For example, dried lignite can be gasified to produce synthesis gas, or syngas, a mixture of hydrogen and carbon monoxide. Syngas can be further reacted with water to produce more hydrogen and carbon dioxide, as will be done in the HESC Project. Alternatively, it can be converted to a range of commodity chemicals and monomers for the plastics industry. Dried lignite can also be converted to specialty carbon products, fuels and agricultural products. 

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It is counterintuitive, but lignite (and/or bituminous coal) has the potential to underpin a thriving renewable energy industry in Australia. Lignite can be used as a heat source in the production of the glass panels used in solar collectors. Lignite can be used as a reducing agent in the production of steel, used in solar panels and wind turbine towers. Lignite can be converted into carbon fibres, used in wind turbine blades and lightweight transport components. Lignite can be converted into plastics and graphene oxide, which can be used to produce flexible solar panels, lithium ion battery electrodes, printable batteries and supercapacitors. Lignite can also be converted to hydrogen, which can be used in fuel cells and hydrogen turbines, and further upgraded to a host of chemical products.

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The technologies used to upgrade lignite may also be used to produce value-added carbon products from biomass wastes, papermaking waste lignin, used car tyres and waste plastics. There is strategic value in supporting the development of carbon upgrading technologies for a spectrum of feedstock materials, to maximise the potential for successful commercialisation.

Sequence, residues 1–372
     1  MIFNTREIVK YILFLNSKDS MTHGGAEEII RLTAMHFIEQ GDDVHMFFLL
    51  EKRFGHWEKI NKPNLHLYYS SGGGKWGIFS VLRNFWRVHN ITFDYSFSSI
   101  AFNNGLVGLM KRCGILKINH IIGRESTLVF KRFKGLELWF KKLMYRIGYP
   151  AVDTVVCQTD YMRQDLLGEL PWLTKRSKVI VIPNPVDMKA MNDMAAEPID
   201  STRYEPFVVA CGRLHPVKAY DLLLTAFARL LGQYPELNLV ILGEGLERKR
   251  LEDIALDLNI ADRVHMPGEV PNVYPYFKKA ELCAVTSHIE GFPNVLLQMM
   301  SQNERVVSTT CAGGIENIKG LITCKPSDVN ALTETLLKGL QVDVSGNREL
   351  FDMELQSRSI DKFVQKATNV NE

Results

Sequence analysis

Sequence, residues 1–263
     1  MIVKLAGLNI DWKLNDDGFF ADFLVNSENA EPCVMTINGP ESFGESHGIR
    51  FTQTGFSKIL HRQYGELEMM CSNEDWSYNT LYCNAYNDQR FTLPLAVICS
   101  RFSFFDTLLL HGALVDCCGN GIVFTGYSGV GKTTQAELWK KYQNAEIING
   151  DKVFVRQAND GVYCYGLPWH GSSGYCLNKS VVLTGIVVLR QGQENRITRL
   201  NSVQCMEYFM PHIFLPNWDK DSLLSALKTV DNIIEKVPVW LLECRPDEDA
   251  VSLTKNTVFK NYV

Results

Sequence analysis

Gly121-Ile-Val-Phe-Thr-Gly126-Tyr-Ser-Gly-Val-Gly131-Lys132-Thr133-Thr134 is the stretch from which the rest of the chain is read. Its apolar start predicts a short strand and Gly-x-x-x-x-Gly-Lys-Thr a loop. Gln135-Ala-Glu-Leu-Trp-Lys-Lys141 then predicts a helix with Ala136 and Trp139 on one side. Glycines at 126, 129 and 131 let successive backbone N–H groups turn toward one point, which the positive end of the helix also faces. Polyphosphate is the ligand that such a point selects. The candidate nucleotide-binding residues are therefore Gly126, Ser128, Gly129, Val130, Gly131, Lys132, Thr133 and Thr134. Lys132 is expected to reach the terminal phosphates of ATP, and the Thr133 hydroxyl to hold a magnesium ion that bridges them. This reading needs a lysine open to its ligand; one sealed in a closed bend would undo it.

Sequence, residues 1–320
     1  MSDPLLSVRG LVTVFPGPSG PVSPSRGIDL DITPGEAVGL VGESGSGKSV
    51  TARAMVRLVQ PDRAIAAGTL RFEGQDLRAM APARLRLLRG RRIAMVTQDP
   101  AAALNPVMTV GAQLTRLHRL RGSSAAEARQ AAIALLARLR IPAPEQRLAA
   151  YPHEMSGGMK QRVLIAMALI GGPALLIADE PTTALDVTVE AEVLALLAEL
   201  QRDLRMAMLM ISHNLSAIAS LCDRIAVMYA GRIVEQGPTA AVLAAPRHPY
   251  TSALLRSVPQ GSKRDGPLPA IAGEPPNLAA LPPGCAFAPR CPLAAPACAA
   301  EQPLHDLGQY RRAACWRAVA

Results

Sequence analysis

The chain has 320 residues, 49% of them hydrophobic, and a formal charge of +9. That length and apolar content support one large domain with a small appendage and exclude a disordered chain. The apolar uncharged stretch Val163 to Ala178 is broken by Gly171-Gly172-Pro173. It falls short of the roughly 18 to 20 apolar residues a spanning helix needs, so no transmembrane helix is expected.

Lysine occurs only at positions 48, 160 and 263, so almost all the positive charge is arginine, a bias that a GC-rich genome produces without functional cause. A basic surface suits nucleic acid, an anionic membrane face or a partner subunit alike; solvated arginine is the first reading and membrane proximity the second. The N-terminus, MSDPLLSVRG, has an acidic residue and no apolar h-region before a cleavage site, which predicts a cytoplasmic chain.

Production of low-emissions carbon products from such raw materials will necessarily require the use of CO₂ capture and storage (CCS). Despite the detractors of CCS, the Global CCS Institute’s The Global Status of CCS report states that CCS has been working safely and effectively for 45 years.  In Victoria, the CarbonNet Project and CO2CRC are at the forefront of CCS development. 

The Victorian government and ANLEC R&D have been substantial funders of CCS R&D through BCIA, having funded five (5) pilot scale trials of different CO₂ capture technologies in the Latrobe Valley. This has made the Latrobe Valley a hub of innovation in CO₂ capture technologies. This research is relevant to other heavy emitting industries such as cement manufacture, aluminium refining, papermaking and biodiesel production.

The concept of ‘CO₂ recycling’ is being developed overseas as a way to further reduce the cost of CO₂ capture, by generating additional revenue through conversion of some of the captured CO₂ into useful, high value products. This is an area of active development and significant investment in the EU and USA. ACI identified opportunities to transform waste CO₂ into plant food, construction materials, methane, methanol and bioplastics, amongst others. These could be the basis for new manufacturing industries in the Latrobe Valley, creating skilled, high paid, interesting, high-tech jobs. 

Conversion of CO₂ into value-added products requires an input of energy, which may be in the form of hydrogen or renewable energy, or both. The HESC project is paving the way for production of inexpensive CO₂-free hydrogen in export quantities, while hydrogen produced from renewable electricity will create many niche opportunities for CO₂ recycle.